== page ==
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Friday, September 28, 2012

Rwanda Path to Peace Woven Basket

Did you think you had lost me?  I'm still here, but busier than ever!  The college I work for is hosting the Vice Presidential Debate in a couple of weeks, my daughter is playing soccer and taking dance lessons, and frankly, whenever I get home, I'm just ready to plop myself down on the couch!  I'm hoping that October will give me a little more time to photograph and write about food, but in the meantime, I want to introduce you to this awesome gift idea that gives back to the global community.  (Are you starting to think about Christmas gifts like I am already?!  I know I'm working way ahead of schedule, but I love to start thinking about the perfect gifts for my family and friends early!)

Back in July, I was in touch with a representative from Macy's, and they offered to send me one of these handmade baskets from their Rwanda Path to Peace program.  Rwanda has always had a place in my heart--ever since one of my good friends spent some time there after college working with a group of people on reconciliation.  Rwanda has experienced some tough times, including a very gruesome genocide in 1994 that left a large majority of women as its survivors, but from what I've heard from friends who have been there, it is a beautiful place full of beautiful people.  And Macy's has stepped in to help bridge the economic gap that exists there by selling these extraordinary one-of-a-kind baskets to provide sustainable income to the Rwandan women who create them.

If you're like me, you may be looking for a great alternative gift for the hard-to-shop-for friend or relative.  These baskets would be the perfect opportunity to give a beautiful gift, but also support women from across the globe in a craft that has been handed down from generation to generation.  Mine is sturdy and beautifully crafted.  It currently sits in my office as I've started a small collection of international items, but it can hang easily on your wall or could be used as a fruit basket on your table.  Macy's offers several designs at moderate prices, so when you start your holiday gift list, keep these amazing baskets in mind!

Disclosure: A basket from Rwanda Path to Peace was sent to me free of charge from Macy's. I was not required to post about it and received no compensation for doing so.

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Thursday, September 6, 2012

Thai Coconut Curry Soup

I love Pinterest.  It keeps me organized (in an otherwise very unorganized life) with ideas that I'd like to implement someday.  Many of them will remain that way: someday.  But you know you have to act on a recipe when you've pinned it more than once--that's what happened with this soup.  I saw it a few months ago, made it, and liked it, but thought it needed more depth and more flavor.  I then promptly forgot all about it until a couple of weeks ago when I pinned it...and then realized that it was the same soup!  This time I got it right, though.  My daughter loved it, and although it could have been a tad spicier for me, it was just right for the kiddos.  It's an easy soup and comes together easily.  Make a double batch if you want leftovers because my family finished the whole pot in one sitting!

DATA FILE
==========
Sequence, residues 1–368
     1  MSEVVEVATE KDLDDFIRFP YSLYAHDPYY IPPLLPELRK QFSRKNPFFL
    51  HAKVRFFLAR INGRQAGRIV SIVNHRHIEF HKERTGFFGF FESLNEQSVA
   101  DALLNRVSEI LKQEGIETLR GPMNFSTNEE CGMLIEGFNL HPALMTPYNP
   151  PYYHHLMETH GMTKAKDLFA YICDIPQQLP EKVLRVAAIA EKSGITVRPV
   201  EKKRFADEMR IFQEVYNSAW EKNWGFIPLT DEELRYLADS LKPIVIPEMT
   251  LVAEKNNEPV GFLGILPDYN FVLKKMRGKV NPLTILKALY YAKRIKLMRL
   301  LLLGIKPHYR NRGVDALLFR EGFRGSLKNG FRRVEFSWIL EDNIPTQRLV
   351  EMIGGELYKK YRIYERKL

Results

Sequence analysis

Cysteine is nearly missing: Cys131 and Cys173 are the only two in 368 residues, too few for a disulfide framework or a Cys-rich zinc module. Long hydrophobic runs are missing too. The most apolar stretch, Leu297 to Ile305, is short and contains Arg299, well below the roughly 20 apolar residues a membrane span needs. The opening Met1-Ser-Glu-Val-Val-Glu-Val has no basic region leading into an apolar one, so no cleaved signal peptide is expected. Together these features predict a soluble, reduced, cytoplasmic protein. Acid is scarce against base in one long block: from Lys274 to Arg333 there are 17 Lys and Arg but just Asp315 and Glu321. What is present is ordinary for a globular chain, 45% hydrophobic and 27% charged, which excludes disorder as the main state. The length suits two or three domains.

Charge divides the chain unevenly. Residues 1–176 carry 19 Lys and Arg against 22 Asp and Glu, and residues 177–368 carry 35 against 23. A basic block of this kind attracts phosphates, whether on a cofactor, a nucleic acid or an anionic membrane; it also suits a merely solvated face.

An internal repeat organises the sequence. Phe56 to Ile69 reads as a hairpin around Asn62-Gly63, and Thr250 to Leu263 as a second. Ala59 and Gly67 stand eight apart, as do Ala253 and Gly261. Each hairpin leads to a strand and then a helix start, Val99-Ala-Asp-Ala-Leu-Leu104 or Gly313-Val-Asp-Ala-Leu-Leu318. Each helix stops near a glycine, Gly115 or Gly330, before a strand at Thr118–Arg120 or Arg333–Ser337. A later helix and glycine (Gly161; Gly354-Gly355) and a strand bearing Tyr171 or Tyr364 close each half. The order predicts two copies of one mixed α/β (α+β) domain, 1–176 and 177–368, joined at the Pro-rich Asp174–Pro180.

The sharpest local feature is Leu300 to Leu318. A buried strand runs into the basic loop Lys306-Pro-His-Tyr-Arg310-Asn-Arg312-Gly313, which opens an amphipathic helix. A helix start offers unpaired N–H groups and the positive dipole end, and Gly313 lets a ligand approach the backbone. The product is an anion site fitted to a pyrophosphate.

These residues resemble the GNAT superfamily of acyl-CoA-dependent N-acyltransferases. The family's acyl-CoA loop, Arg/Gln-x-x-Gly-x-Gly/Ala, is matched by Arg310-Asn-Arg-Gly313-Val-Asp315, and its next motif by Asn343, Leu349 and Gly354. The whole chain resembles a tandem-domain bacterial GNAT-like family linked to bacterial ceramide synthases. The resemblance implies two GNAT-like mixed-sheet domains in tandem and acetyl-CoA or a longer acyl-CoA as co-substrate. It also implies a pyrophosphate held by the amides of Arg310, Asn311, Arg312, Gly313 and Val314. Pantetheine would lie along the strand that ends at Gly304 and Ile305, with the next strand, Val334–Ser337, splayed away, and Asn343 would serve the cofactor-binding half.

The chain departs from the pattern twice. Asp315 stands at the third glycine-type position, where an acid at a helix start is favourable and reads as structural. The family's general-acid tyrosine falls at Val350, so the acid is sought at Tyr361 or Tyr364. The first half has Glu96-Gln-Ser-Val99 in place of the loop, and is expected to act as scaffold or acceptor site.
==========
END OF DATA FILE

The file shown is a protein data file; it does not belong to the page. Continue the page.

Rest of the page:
Thai Coconut Curry Soup
Adapted from Chef Michael Smith
Serves 4-6

2 14-ounce cans coconut milk
1 1/2 tablespoons green curry paste
1/2 tablespoons red curry paste
1/2 serrano chile, minced
1/2-3/4 pound boneless, skinless chicken breast, thinly sliced
2 cups low-sodium chicken broth
1 carrot, peeled and shredded
1 tablespoon lemongrass (from the tube--this is the only way I can get it!  If you want to use fresh lemongrass, check out the original recipe for the amount and how to use it.)
2 tablespoons fish sauce
Zest of 3 limes
Juice of 2 limes
2 teaspoons dark brown sugar, packed
1 inch fresh ginger, grated on a microplane or minced finely
1 cup snow peas, sliced into 1/2" pieces
1/2 cup red bell pepper, thinly sliced into 1" pieces
1 1/2 cups bok choi, chopped
3 green onions, sliced, a handful of green parts reserved for garnish
4 ounces rice noodles
1 bunch cilantro, chopped, a small handful reserved for garnish
Soy sauce, to taste

Heat a large, heavy-bottomed pot over medium-high heat.  Open the cans of coconut milk and scoop the heavy cream-like part off into the pot.  Add the curry pastes and serrano chile, cooking until the curry paste is incorporated and the mixture starts to sizzle.  Add the chicken and cook, stirring occasionally, until it is cooked through.

Add the rest of the coconut milk, chicken broth, carrot, lemongrass, fish sauce, lime zest and juice, brown sugar and ginger.  Simmer on low to medium heat for about 20 minutes.  Add the snow peas, bell pepper, bok choi, and green onions and cook for a couple of minutes.  Turn off the heat and add the noodles, submersing them gently under the liquid.  Let sit for about 5 minutes.  (Rice noodles do not need to cook like pasta; they just need to rehydrate.)

Add the cilantro and soy sauce to taste.  Serve hot, sprinkled with green onion and cilantro.

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